Oxford Yarn Store opened in December 2012 and is a thriving hub for knitters and crocheters of all abilities and backgrounds. It offers a welcoming environment and support from its staff with projects and in creative decision-making. Its ethos is to promote the pleasure and creativity of knitting, crochet and other fibre crafts in an atmosphere of shared skills and knowledge. A regular e-newsletter allows ideas and achievements to be shared and celebrated.
OYS stocks a very wide range of yarns which are, with few exceptions, natural fibres. It also stocks a wide selection of patterns books and pamphlets as well as loose-leaf patterns, some of which are free. The range of needles and notions provides choices to suit all projects and preferences.
Wednesday morning and Thursday evening Knit Clubs provide a forum for the sociability that characterises the Store. They and the workshop programme offer lots of opportunity for camaraderie and the sharing of skills.
I was taught to knit at around the age of 6 in the late 1950’s by my Mother. This is a familiar story for those times, I know, since in the aftermath of World War 2, that was how much clothing was still produced. I vividly remember knitting lacy baby clothes for my youngest brother who born in 1963.
I progressed to other needle crafts and loved our regular visits to Oxford from West Oxfordshire. We used to visit the wool shop on Ship Street run by a German gentleman. It was stuffed to the gills and I would be allowed to select tapestry yarns from drawers tantalizingly filled with jewel colours. I always felt giddy with delight as I clutched the precious package on the way home to Stonesfield by bus.
We moved to Oxford in 1966. I knitted under the desk at school and would have my knitting confiscated by an exasperated English teacher who saw it as detrimental to my gaining an understanding of Chaucer et al (a view that I still contest). I knitted into the seventies, when crafts came back into fashion and took up patchwork under the influence of Laura Ashley. I then knitted my way though drama school and during my years of working in the theatre it was a great way to spend time sitting around in rehearsals and criss-crossing Britain and Canada in travelling theatre tour buses.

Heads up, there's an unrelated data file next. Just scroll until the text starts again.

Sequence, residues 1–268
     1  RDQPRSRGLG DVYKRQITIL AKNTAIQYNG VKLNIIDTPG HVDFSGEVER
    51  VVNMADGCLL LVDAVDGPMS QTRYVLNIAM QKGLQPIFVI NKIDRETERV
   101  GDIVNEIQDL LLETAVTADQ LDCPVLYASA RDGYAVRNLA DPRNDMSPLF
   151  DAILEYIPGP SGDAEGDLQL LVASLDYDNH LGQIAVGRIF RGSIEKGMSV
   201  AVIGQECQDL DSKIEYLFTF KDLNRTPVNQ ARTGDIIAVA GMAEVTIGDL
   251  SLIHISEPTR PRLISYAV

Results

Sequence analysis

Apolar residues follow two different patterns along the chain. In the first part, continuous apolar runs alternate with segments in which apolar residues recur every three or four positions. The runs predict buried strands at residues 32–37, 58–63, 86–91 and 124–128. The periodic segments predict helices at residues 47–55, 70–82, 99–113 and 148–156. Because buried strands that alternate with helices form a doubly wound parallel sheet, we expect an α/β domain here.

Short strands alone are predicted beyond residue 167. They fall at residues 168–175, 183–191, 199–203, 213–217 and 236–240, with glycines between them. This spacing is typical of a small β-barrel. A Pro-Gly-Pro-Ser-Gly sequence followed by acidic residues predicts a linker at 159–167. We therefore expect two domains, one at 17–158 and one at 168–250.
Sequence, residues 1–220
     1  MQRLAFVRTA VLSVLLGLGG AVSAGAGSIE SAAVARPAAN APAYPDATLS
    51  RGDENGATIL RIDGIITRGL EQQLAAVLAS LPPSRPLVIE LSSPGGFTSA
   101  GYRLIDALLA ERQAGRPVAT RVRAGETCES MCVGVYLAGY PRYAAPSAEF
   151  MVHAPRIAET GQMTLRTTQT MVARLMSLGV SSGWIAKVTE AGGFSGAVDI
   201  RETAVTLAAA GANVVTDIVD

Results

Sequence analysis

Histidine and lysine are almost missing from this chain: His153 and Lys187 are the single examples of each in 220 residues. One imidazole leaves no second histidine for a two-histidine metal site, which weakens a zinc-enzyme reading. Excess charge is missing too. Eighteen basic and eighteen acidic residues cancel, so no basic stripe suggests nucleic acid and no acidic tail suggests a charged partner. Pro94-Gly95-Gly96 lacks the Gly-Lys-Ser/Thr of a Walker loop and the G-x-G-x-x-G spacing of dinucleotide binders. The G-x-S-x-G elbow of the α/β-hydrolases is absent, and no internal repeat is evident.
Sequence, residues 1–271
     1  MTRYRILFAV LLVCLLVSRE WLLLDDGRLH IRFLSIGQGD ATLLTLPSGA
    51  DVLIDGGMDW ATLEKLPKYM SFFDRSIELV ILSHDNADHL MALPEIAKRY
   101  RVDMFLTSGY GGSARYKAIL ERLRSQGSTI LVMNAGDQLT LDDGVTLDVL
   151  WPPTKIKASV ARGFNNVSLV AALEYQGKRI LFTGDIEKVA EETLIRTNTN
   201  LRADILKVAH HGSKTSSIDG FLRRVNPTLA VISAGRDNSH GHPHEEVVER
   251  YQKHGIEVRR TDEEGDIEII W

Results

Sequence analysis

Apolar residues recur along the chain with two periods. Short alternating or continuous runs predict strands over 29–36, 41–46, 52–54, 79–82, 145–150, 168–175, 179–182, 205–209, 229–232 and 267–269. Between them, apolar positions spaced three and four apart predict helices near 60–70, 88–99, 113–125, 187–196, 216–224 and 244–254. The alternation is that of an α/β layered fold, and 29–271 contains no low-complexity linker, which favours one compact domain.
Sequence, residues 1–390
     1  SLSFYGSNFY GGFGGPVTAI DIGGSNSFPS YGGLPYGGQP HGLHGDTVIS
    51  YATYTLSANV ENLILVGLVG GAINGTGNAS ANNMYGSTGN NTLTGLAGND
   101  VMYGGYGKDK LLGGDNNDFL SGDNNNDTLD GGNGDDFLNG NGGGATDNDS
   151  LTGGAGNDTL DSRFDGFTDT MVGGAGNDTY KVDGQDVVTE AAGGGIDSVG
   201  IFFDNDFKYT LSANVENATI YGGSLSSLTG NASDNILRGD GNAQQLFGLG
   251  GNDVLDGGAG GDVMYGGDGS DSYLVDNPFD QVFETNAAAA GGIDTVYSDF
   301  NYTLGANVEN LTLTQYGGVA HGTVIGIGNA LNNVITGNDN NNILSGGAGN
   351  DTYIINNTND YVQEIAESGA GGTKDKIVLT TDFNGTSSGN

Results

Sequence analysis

Whilst living in Canada my interest in natural fibres and sheep breeds grew when I learnt to spin and to dye fleece and yarn. When I moved back to England I took quilt-making lessons and became very excited about the use of pattern and colour combinations, especially as it was revolutionised by Kaffe Fassett.
In 1997, when when my son Tim was five years old, we moved back to Oxford where I continued to work with arts organisations and for 10 years ran an international children’s theatre festival. However last year I found myself completely drawn to the idea of a complete change of career and decided to turn a passion which I had always had into something I could immerse myself in daily.
Having found the perfect shop on one of Oxford’s prettiest little streets I was able to turn my daydream into a reality and love my new life in the Store!